It was cancer.

Fast forward to today and here is what we have learned: Osteosarcoma is an aggressive bone cancer in dogs. Once diagnosed you are given options none of which include a cure. You can either palliatively treat your dog and try to make them comfortable until the end which they have projected to be two months or you can have the limb amputated and follow with chemotherapy to slow down the cancer (there is a 90% chance it has already spread at the time of diagnosis).  And after all of those treatments they average that he will have a year to live a good quality life. That’s a pretty big leap from a sprained ankle.

As of today, we have met with an oncologist at UGA and we have made the choice to have the surgery and follow with chemotherapy.  We are hoping to be part of a clinical trial that will help financially but either way we will follow this course. Nixon is 4.5 years old, strong, and healthy and we believe that if anyone can overcome an amputation…it is him. His surgery has been scheduled for next Thursday (12 days after his initial vet visit). It is so fast. So overwhelming. So heart breaking.  We are jumping back and forth by the minute of wondering if this is the right choice but we are reassured each time that there is no best choice here…we just have to give him his best chance. Nixon currently is sore from the biopsy and sleepy from pain medications and already it is heart breaking to watch…we are dreading and flat out fearing the weeks to come. I am so grateful to have found this tripawd group since before this week I really had no idea this was even an option for Great Danes. Thank you all for your encouraging blogs and stories.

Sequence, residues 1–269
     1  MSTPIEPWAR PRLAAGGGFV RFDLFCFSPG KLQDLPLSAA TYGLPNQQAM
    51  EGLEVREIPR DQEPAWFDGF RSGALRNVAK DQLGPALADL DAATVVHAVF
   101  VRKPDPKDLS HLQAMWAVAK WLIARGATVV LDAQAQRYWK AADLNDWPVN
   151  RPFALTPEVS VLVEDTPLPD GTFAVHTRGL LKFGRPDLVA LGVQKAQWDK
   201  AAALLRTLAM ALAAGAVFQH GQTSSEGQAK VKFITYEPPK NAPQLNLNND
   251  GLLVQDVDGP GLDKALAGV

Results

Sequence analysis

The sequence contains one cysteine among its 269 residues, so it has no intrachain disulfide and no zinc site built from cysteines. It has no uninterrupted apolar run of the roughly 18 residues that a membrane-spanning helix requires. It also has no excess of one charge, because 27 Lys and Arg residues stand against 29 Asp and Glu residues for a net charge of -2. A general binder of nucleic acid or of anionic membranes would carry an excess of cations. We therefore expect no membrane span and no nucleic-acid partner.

As I wrote earlier, a large goal of this blog is to give and get some hope so I end with a plea to all of the current tripawd parents for advice, support, or just kindness in general.